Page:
A career that included five vehicle crashes in six years ended in September when Collier County Cpl. Jesse Todd was stripped of his law enforcement credentials, according to documents released this week by the Sheriff's Office.
Of the five crashes, two of them were fatal, killing Felix Beltran, 32, in 2007 and Andrew Rakes, 21, in 2011.
Officials recommended a withdrawal of Todd's appointment in February following an internal investigation into the wreck that killed Rakes. Todd was found negligent for not telling dispatch his location as he responded to a call and for failing to travel with "extreme care and caution" while operating a motor vehicle.
The investigation closed in mid-September, with Sheriff Kevin Rambosk signing off on the recommendation.
Rakes' sister, Amber Copeland, said her family was not notified of the action against Todd.
"I've been very mad but I've calmed down on it, but I just hope that he's learned his lesson," she said of the crash. "I just want him to know that I feel bad that he lost his job but at the same time, what he did to my brother was wrong, and not taking responsibility or saying I'm sorry — that kind of hurts."
Following an appeal of the decision by Todd, the sheriff agreed to assign him as a jail technician for a probationary period of one year. In September, Todd accepted the offer, which stipulates he is not permitted to drive Sheriff's Office vehicles.
The investigation stemmed from a March 31, 2011 crash in which Todd was driving about 101 mph in a 45 mph zone while responding to burglary suspect pursuit, according to internal affairs documents. As he went through the intersection of 22nd Place Southwest at Santa Barbara Boulevard with lights and siren activated, his vehicle struck a car driven by Rakes.
Rakes was flown to Lee Memorial Hospital but died at the hospital. Following the crash, Florida Highway Patrol investigators cited Todd for failure to use due regard in operating an emergency vehicle, but a Collier County judge found him not guilty of the violation this past March.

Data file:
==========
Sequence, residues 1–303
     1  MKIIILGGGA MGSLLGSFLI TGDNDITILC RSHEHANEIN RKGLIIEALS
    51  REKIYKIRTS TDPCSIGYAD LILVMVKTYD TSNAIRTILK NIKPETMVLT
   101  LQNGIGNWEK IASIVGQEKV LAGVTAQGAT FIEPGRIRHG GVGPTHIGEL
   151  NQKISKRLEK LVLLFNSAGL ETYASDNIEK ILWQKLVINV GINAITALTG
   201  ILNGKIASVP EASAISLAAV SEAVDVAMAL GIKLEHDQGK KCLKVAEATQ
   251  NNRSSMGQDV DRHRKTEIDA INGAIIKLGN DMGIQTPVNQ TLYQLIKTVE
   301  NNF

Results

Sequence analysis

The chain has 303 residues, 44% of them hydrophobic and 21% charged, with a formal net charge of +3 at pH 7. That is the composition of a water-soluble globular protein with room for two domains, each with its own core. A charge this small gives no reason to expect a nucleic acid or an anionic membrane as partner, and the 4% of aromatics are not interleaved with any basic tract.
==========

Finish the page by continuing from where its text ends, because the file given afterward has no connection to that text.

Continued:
Blood samples showed Rakes had consumed marijuana two hours before the crash, a finding from the medical examiner that Rakes' family disputes. Copeland, who has suspicions that the sample was "contaminated," said she did not know her brother to use marijuana and found no drugs or paraphernalia at his apartment after his death.
Although internal investigators said Todd was negligent, in court filings for a pending auto negligence lawsuit filed by Rakes' parents, lawyers for the Sheriff's Office wrote that Rakes "was more than 50 percent at fault for his or her own harm" because of his impairment.
Todd's first fatal crash was in the early morning hours of Feb. 18, 2007 as he responded to a robbery call that later turned out to be a false report. Thirty seconds after a dispatcher reclassified the incident as a routine call, Todd's vehicle struck a car driven by Felix Beltran at the intersection of U.S. 41 and Broward Street.
Investigators estimated Todd was going anywhere from 70 mph to 80 mph in a 55 mph zone without his lights or siren activated. Beltran, who was later found to have had a blood-alcohol concentration of .32 — four times the legal limit — and trace amounts of cocaine in his system, died at the scene.
Todd received 12 months' probation and an order to receive defensive driving instruction because he did not alert dispatch that he was responding to the call.
Beltran's family members also said they were not notified of Todd's demotion.
"It's a small victory, considering the great loss his family and children have suffered," said his mother, Hilda Goin, who expressed sympathy for the Rakes family. "Mr. Todd may have lost his position as a deputy, an insignificant loss compared to the two lives tragically lost due to his careless and irresponsible driving."
Reached Wednesday at her Golden Gate Estates home, Beltran's then-fiance and mother of his children said her faith has carried her through the loss.
"I have faith in God, and I knew one day (Todd) would eventually face what he did to Felix," Marina Garza said. "Of course my children's lives will never be the same because they're missing their father."
Garza, who settled a wrongful death lawsuit against the Sheriff's Office two years ago, said Todd's punishment in the crash that killed Beltran was nowhere near as severe as his family had wanted.
"I think that the punishment should have been set accordingly for what he did, and it wasn't," she said.
Through the Sheriff's Office, Todd declined to comment on his recent reassignment. In a written appeal, his lawyer Donald Day faulted Rakes for the 2011 crash and said the action against Todd "sets a dangerous precedent" since his client was not found to be legally responsible for the wreck.
Documents show Todd was placed on administrative leave with pay on Feb. 15, when internal investigators recommended his appointment be withdrawn. He started as a jail technician Sept. 25.
According to a spokeswoman, Todd earns $20.12 an hour in the civilian position, where his duties include clerical tasks like writing bonds, answering telephones and entering booking information into jail computers. He had previously earned $23.72 an hour as a corporal.